For Immediate Release: September 10, 2014
NEW YORK, NY — The Progressive Caucus of the New York City Council is rallying around a ban on personal credit checks by all employers, employment agencies and licensing agencies. Caucus members have unanimously co-sponsored Intro. 216 in an effort to end this discriminatory practice that bars qualified applicants from economic opportunities.
We look forward to advocating for the Stop Credit Discrimination in Employment Act (Intro. 216) during the Council’s Committee on Civil Rights hearing September 12th, 2014 and in the near future.
“A person’s character and work performance is not reflected in their credit history. If my own credit report had been taken into account I would not have had the opportunities I have been afforded in civil service,” said Co-Chair, Council Member Antonio Reynoso. “I am grateful to have been evaluated on more substantial measures like experience and leadership in my community. All potential employees deserve this benefit.”
“Credit history is no indication of a person’s ability to work,” said Co-Chair, Council Member Donovan Richards. “Ending employer led credit checks of applicants will aid millions of people seeking to access employment and stem the harm done by credit based prejudice. As a co-sponsor of this bill, I am proud to fight to eliminate the discriminatory use of credit checks by employers.”
“Employers should not deny people jobs based on their credit history,” said Council Member Brad Lander. “Whether from catastrophic medical expenses, death of a spouse, or predatory lending, many New Yorkers have poor credit through little or no fault of their own. Recent graduates with spiraling student debt need an equal chance to get a job, if they are ever going to pay it off. This is a pervasive, deeply discriminatory practice and this bill is a simple, effective step forward for fairness and for common sense.”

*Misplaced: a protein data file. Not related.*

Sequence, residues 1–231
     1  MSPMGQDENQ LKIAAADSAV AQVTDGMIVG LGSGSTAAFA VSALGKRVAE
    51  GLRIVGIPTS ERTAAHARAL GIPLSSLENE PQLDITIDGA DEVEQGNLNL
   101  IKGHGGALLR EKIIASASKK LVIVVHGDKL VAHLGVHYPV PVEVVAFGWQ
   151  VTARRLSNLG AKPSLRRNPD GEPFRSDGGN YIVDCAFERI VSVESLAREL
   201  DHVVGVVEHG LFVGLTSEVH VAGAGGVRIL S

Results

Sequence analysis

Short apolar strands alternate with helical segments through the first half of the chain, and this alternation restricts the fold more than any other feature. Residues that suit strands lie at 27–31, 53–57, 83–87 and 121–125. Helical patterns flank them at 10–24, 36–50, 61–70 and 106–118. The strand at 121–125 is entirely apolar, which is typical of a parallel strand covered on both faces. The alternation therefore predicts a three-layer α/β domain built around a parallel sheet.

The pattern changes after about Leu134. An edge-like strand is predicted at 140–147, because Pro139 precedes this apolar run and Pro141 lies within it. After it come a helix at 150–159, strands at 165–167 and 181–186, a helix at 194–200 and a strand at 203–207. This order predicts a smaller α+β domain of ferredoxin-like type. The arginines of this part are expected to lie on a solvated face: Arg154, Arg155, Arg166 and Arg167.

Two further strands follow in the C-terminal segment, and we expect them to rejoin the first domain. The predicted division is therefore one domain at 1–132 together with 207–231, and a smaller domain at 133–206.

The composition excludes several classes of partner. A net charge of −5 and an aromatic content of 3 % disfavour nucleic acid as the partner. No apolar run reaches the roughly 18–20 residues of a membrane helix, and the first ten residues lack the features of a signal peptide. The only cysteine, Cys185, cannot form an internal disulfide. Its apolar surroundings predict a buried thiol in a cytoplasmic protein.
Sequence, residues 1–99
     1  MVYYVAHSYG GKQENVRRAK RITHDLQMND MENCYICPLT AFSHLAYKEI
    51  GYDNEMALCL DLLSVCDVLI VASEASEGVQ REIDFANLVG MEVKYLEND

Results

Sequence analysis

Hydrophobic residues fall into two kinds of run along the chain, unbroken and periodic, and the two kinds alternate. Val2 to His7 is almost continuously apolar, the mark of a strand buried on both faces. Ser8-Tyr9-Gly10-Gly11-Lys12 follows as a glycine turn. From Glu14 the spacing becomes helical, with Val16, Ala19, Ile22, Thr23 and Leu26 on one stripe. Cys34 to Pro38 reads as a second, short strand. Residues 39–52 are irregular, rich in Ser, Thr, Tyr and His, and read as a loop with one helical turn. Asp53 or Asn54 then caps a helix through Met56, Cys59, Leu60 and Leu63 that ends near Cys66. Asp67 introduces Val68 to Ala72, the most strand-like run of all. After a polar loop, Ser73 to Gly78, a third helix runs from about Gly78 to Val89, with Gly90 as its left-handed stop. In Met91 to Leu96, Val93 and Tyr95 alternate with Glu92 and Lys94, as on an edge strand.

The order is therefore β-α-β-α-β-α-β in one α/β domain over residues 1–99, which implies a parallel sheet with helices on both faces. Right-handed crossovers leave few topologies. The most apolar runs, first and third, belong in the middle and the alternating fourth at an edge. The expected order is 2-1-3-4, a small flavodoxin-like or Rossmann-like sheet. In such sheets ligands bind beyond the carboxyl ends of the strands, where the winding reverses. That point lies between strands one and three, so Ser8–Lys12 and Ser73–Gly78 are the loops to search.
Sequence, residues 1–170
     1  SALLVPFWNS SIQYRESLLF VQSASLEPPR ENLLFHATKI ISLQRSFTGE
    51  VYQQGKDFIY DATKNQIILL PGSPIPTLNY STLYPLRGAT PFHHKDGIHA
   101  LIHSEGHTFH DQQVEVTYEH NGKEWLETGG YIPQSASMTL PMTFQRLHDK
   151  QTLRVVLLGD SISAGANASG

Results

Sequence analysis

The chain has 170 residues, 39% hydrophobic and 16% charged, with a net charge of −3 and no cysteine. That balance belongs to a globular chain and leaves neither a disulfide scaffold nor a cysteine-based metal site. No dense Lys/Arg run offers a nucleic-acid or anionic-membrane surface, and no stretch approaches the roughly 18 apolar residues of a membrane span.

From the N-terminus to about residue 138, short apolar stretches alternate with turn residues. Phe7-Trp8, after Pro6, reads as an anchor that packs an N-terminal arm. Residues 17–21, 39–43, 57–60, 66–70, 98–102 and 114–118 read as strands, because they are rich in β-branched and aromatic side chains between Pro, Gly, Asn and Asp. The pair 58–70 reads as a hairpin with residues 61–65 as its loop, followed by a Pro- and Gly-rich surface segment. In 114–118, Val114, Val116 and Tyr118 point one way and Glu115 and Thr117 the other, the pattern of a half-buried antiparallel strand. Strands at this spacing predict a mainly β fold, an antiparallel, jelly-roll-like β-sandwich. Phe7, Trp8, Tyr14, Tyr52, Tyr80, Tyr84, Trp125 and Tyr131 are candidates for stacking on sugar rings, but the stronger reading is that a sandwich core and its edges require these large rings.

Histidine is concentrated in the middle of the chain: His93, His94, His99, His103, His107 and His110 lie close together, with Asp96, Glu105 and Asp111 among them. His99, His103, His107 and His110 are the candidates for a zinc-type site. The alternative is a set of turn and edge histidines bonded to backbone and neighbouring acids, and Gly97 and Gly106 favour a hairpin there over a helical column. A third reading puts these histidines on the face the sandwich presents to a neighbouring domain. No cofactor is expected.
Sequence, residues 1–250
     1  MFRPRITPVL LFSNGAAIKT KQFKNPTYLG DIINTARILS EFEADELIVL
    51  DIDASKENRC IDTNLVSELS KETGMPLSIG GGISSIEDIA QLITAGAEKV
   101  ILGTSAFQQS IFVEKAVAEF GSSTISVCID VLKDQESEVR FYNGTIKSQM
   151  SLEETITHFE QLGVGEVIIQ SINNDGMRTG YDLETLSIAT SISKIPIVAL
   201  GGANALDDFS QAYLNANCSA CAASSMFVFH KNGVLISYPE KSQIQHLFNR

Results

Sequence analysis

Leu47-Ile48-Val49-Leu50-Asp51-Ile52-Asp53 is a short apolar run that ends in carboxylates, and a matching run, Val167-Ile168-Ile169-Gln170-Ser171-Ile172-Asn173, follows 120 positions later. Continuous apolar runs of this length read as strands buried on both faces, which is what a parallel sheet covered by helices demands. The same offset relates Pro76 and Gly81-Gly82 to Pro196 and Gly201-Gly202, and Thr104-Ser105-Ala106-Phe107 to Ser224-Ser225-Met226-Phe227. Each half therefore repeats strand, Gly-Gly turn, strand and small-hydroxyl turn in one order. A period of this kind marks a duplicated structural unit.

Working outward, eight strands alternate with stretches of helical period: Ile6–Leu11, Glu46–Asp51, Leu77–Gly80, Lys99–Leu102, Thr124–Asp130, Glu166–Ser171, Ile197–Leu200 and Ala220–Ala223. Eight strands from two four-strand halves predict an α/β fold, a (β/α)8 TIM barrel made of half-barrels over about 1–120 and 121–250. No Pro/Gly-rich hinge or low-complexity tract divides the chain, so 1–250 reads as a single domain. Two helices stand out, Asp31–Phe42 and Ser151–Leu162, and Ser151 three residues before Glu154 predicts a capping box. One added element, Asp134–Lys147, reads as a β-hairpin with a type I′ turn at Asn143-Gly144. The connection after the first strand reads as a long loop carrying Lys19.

Said Councilwoman Debi Rose (49th District/SI): “The practice of using credit checks as part of the employment application process is pernicious – it often prevents people from disadvantaged backgrounds, who are more likely to have a bad credit rating, from getting a job, and it impacts college and professional school graduates who are coming out of school with unprecedented debt levels, as well as people with medical debt. The bottom line is that this practice is keeping people who want to work and who can work from working, for no justifiable reason.”
“A loaf of bread for ones family or paying a bill to keep ones credit score intact to one day get a better paying job is an unfair choice faced by many New Yorkers without protection from unnecessary employment credit checks,” said Vice-Chair for Policy, Council Member Ben Kallos an attorney. “Discrimination in hiring must end, especially when it is based on arbitrary numbers from credit reporting bureaus that rarely agree and refuse to provide transparency around how they assign that number, leaving millions of Americans without a fair process. No arbitrary number like a credit score should rob anyone of their opportunity to pursue their dreams.”
“Credit reports are riddled with errors, and credit agencies themselves admit they rarely predict a person’s job performance,” said Vice- Chair for Budget Advocacy, Council Member Helen Rosenthal. “Let’s get rid of this antiquated practice and give all job seekers a fair chance.”